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PostPosted: Mon Mar 16, 2009 4:58 pm 
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This thread may be a little long, so to prevent me from losing anything I type in one post-up, I'm going to split the thing into a few. For ease of reading for others, please hold your comments until the last post from me...like there are thousands of you guys waiting for this! HA! :lol:

Anyway, on to the goodies...we'll start with a little history of X-IT. Disclaimer...This is all from memory, 12+ years ago.

X-IT Designs, was the brainchild of two guys that I had the pleasure of working with from July 1996 until October 1997 in Boulder Colorado. Thom Beckett and Frank Vogel. Thom was the business end, and Frank was a skilled machinist and fabricator. X-IT was housed in a shared warehouse/storefront space along with parent company, The Sports Garage, and later Rocky Mounts racks (no business relation). Thom did a great job running the books, but he wasn't the creative mind, so we'll focus on Frank's role here, for the most part. Frank spent a few years working in prototype manufacturing and engineering with Paul Turner at Rock Shox, and then after selling his share of The Sports Garage to Thom, and disolving X-IT, Frank went in as one of the three partners in the original braintrust behind Maverick American Bicycles, again with Paul Turner. Frank was a great guy, and I had a blast working with him. I learned a bunch tagging along behind him like a lost puppy. (private joke..."Don't bother me, I'M WELDING!")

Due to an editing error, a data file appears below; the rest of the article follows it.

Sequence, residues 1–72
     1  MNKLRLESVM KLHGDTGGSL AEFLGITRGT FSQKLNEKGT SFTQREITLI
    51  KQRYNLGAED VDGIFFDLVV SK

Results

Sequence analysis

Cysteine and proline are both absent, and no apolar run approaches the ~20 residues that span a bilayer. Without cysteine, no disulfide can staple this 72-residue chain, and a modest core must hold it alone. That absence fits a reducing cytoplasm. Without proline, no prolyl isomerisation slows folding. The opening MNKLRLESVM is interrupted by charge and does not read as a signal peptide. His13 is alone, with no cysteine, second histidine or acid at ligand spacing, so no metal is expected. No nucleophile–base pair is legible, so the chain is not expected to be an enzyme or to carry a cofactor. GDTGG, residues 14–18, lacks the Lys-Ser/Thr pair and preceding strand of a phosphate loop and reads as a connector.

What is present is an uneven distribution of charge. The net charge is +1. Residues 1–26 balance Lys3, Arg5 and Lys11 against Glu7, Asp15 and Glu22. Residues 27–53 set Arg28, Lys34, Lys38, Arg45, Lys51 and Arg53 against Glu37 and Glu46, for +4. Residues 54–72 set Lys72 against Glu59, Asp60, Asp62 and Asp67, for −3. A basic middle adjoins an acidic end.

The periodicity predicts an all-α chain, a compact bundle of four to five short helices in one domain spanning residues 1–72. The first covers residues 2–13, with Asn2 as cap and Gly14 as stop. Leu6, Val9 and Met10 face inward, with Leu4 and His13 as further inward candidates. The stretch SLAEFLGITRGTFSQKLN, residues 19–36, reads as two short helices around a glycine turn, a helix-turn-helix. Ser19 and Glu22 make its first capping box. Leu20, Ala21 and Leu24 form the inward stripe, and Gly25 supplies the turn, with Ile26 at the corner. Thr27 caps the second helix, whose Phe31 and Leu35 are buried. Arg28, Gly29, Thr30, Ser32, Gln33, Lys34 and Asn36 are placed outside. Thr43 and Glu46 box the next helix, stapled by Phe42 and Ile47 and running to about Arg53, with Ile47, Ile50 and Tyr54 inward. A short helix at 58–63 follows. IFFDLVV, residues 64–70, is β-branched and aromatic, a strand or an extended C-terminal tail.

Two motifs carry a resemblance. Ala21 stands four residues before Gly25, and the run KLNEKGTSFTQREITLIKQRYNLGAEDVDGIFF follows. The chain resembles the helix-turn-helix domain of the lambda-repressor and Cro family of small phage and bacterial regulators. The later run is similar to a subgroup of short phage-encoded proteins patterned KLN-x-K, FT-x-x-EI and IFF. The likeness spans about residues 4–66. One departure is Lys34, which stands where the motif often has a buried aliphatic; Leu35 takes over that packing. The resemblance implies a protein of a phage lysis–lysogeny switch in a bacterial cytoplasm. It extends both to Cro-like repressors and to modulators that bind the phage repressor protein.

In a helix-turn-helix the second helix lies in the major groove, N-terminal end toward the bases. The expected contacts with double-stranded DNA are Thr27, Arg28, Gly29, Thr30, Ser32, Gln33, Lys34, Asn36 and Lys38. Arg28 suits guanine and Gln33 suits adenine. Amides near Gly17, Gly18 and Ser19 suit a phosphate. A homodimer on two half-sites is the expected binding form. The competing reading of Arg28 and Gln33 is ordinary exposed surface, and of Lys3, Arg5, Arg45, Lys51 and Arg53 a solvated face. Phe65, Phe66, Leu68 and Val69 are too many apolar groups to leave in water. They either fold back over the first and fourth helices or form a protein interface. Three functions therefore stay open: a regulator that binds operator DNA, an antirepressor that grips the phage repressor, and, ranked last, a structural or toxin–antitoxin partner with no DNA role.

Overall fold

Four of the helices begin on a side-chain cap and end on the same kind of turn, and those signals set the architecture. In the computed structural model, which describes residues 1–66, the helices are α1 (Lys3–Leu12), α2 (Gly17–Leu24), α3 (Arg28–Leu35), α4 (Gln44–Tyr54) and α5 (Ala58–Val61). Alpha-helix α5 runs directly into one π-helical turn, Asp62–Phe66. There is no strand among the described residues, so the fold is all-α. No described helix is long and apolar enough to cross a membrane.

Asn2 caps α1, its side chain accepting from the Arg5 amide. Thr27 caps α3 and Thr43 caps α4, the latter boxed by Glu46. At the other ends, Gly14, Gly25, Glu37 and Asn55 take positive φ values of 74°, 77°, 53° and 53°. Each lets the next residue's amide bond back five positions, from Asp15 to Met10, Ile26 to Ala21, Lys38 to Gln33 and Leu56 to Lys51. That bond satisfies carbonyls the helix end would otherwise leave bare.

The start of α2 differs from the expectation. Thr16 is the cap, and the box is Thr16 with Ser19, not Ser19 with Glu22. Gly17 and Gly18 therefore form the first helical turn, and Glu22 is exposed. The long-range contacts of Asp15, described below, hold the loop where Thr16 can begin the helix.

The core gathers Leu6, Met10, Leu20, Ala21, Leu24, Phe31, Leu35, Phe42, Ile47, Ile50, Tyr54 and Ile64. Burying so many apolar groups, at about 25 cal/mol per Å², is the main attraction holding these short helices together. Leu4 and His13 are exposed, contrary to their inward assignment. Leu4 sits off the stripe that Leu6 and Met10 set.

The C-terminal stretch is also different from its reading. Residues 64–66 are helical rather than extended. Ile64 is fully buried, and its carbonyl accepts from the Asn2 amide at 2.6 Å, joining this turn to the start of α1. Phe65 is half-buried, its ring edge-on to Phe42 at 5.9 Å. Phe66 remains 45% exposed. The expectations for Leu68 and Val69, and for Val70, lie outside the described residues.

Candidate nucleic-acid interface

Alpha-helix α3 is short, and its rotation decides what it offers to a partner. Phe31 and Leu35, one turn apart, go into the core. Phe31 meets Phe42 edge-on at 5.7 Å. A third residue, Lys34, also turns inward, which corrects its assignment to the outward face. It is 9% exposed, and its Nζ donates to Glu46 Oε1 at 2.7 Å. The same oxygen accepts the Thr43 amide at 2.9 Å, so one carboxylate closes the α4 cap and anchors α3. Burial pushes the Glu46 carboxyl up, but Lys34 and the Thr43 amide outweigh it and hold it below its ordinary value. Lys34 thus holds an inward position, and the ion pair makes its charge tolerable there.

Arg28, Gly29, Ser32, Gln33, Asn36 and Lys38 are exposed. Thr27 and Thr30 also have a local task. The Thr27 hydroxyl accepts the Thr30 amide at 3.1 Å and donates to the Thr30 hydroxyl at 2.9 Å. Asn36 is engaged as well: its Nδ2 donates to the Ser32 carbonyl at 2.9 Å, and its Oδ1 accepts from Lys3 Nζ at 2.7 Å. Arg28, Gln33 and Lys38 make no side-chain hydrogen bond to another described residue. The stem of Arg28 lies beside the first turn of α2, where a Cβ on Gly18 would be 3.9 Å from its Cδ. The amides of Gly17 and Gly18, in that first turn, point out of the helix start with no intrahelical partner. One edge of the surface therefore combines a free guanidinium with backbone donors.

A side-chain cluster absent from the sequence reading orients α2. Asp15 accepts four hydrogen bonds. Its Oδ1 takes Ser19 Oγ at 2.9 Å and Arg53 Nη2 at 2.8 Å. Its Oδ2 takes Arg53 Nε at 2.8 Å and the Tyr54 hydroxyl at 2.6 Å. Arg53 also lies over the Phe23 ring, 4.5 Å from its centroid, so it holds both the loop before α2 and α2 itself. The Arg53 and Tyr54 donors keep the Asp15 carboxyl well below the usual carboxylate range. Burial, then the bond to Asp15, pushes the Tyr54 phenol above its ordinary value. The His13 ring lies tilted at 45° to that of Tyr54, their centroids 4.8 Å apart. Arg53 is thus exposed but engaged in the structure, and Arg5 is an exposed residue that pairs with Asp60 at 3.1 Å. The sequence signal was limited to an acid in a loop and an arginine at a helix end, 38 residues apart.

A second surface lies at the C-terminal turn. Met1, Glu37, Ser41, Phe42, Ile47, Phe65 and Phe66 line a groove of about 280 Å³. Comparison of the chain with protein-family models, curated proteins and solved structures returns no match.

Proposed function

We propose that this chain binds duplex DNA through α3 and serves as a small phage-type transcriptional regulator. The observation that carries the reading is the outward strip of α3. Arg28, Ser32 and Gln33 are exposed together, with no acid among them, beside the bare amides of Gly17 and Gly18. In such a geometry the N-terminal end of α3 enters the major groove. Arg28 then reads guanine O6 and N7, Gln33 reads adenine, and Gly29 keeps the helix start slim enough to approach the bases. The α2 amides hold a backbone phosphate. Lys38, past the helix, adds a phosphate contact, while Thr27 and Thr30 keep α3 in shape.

On to the Parts... First up? Dual-Eez cable hangers.